Campus jobs relieve stress

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Caitlin Severson, WSC Support Services employee, enjoys the flexibility and learning that working on campus has given her. (Photo by Sarah Hill.)
Caitlin Severson, WSC Support Services employee, enjoys the flexibility and learning that working on campus has given her. (Photo by Sarah Hill)

Having a job as a student offers not only financial stability but work experience and opportunities. Working on campus can be convenient, flexible and rewarding.

Wade Ashton, student employment manager at BYU, believes all students who want a job on campus can find one if they are willing to be persistent and open minded. The missionary age change had an effect on student employment, one that will continue to be felt over the coming year.

“Certainly there has been some impact from both fewer freshmen coming in as well as additional jobs coming because of the expansion of the MTC,” Ashton said. “Between this April and next April, we’re expecting an addition of about 1,000 jobs.”

This week there were 214 individual job postings, and Ashton estimates there are at least 500 unfilled positions because many of these postings have multiple positions open.

The Student Employment office, in room 2024 of the Wilkinson Student Center, has a job board as well as kiosks set up for students to search in the office. Studentjobs.byu.edu is the website for employers to post positions. When applying online, students should separate themselves and demonstrate that they want the job.

“If I see a student did not follow instructions to an application process, I won’t even look at them further,” Ashton said. “If they can’t be bothered enough to complete my questionnaire, why do I even want to interview that person?”

Employers are encouraged to use the website, but they are not required to. Talking to friends who work on campus can make the difference. Ashton says networking is often ignored but is not overrated.

“People get jobs all the time because they know people,” Ashton said.

Students who are ready for a job and know where they want to work should consider cold-calling potential work places.  Ashton suggests talking to departments directly by walking in, dressed nicely, with a résumé in hand.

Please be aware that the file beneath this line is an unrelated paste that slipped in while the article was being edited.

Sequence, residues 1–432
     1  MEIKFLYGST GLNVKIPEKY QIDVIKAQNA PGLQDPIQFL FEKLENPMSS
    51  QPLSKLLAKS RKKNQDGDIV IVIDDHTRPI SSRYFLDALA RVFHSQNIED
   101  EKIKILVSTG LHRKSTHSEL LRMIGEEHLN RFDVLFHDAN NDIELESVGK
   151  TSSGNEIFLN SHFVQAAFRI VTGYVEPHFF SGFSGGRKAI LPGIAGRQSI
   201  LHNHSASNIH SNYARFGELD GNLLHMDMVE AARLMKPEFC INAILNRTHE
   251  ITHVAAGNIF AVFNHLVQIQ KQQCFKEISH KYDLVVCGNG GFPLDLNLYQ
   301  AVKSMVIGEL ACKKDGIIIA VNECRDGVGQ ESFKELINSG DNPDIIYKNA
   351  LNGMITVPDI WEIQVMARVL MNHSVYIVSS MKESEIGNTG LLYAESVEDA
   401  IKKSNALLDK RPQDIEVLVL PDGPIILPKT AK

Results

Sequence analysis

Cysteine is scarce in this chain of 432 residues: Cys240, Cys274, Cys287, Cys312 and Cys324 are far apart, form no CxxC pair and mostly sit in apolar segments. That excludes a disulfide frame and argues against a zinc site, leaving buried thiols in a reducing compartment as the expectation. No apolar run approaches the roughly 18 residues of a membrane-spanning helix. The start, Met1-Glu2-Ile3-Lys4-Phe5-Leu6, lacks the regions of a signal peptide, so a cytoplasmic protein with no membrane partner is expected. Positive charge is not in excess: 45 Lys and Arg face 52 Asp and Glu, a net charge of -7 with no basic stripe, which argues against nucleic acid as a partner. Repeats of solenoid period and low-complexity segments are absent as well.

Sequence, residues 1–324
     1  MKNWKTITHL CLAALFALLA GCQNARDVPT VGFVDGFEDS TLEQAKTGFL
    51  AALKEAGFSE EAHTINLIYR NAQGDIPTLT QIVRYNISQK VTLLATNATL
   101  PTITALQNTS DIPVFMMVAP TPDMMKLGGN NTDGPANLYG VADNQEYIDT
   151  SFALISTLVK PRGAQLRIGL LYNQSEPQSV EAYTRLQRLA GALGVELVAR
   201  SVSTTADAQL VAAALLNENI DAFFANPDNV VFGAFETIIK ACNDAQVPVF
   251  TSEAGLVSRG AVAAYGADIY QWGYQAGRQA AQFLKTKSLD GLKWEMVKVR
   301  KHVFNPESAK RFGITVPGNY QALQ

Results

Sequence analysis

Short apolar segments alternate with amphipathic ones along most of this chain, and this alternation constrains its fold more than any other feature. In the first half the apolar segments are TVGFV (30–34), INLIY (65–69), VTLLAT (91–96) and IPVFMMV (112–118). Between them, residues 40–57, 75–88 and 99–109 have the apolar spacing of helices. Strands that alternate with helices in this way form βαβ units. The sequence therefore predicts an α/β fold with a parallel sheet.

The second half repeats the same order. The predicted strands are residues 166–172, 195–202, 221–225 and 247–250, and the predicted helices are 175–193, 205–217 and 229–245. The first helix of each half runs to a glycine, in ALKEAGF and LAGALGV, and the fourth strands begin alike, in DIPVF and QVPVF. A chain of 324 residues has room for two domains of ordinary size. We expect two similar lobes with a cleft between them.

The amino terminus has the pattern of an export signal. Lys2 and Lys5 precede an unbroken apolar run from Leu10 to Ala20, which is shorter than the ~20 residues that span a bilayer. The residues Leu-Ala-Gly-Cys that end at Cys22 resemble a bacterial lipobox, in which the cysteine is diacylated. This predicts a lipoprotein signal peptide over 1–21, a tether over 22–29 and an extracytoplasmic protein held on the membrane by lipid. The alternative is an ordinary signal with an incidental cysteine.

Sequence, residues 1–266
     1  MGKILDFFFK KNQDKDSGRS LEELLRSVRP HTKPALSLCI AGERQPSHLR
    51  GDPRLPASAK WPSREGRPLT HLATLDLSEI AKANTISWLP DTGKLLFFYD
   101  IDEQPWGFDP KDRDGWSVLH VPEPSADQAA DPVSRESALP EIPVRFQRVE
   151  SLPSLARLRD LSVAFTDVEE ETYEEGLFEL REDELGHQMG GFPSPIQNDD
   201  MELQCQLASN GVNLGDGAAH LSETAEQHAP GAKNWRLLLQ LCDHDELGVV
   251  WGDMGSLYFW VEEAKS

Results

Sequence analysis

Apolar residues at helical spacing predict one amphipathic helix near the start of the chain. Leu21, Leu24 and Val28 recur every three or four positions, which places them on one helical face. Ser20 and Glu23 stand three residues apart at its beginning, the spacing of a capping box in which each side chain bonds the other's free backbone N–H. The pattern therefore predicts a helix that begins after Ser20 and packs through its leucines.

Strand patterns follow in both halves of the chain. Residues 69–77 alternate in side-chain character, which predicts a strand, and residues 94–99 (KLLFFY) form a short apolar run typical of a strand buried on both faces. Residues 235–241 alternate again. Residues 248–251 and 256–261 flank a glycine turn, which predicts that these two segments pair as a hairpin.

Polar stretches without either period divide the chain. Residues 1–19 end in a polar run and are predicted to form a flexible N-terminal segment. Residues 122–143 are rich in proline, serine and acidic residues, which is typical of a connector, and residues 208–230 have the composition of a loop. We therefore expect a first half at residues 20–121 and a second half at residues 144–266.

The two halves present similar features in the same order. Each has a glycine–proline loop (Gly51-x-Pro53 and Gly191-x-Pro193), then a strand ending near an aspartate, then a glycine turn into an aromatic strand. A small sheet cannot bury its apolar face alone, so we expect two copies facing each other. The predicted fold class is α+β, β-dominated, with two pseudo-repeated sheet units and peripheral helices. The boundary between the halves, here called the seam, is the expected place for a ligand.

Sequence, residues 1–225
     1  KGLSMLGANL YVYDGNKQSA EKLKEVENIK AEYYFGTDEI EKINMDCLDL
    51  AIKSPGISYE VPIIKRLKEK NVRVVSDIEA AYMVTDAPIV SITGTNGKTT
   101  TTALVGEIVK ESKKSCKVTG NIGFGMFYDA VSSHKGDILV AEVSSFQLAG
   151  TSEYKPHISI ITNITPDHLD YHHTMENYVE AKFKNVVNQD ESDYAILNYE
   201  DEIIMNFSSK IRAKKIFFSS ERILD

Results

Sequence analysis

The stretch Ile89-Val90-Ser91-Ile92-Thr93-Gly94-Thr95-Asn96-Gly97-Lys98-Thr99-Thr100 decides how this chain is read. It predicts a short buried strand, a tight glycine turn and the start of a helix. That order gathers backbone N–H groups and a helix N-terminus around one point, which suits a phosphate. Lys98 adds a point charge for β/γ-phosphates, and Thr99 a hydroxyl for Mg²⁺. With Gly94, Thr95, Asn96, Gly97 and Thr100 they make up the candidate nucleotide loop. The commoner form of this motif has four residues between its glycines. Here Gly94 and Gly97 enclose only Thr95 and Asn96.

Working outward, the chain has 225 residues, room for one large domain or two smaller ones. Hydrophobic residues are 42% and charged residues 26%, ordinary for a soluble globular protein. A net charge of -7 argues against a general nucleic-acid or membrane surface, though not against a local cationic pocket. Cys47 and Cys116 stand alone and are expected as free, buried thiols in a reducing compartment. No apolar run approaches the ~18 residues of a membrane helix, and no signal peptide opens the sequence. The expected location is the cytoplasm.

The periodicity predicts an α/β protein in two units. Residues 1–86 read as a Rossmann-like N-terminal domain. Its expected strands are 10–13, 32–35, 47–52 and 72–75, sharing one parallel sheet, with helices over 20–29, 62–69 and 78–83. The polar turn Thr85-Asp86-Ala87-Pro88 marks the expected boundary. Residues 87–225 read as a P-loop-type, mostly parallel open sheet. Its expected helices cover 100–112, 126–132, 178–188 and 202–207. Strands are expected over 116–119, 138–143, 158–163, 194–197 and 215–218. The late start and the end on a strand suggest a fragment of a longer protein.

“I haven’t come across a student who hasn’t found a job doing that,” Ashton said. “As an employer it’s pretty impressive having students walk in, cold-calling basically. It shows a lot of tenacity. Some students have been hired almost on the spot.”

Caitlin Severson, a senior from Bentonville, Ark., studying exercise and wellness, found a job on campus by being open to jobs she didn’t think she was qualified for.

“Don’t limit yourself,” Severson said. “Apply for as many jobs as you can even if you don’t feel like you have the exact qualifications.”

Some students worry about balancing work with school, church, friends, relationships and the many other matters demanding their time. Erika Hoffmeier, a senior from Damascus, Md., studying human development, thinks working on campus has helped her time management and even boosted her social life.

“I’m pretty good at balancing it out,” Hoffmeier said. “I’ve met so many people working on campus, so my social life is thriving.”

Cory Hill, a senior from Stockton, Calif., studying Japanese, has worked in grounds crew for three years, and he says it gave him a greater appreciation for all the work it takes to maintain the beautiful BYU campus.

“The best part about working on campus is the flexibility with classes because we’re students before we’re workers,” Hill said.

If students are open minded to all types of jobs, the opportunities are here at BYU. Ashton explained if students are open minded they will find employment.

“Students who want to find a job can,” Ashton said, “if they are willing to cast a broad net instead of limiting themselves.”

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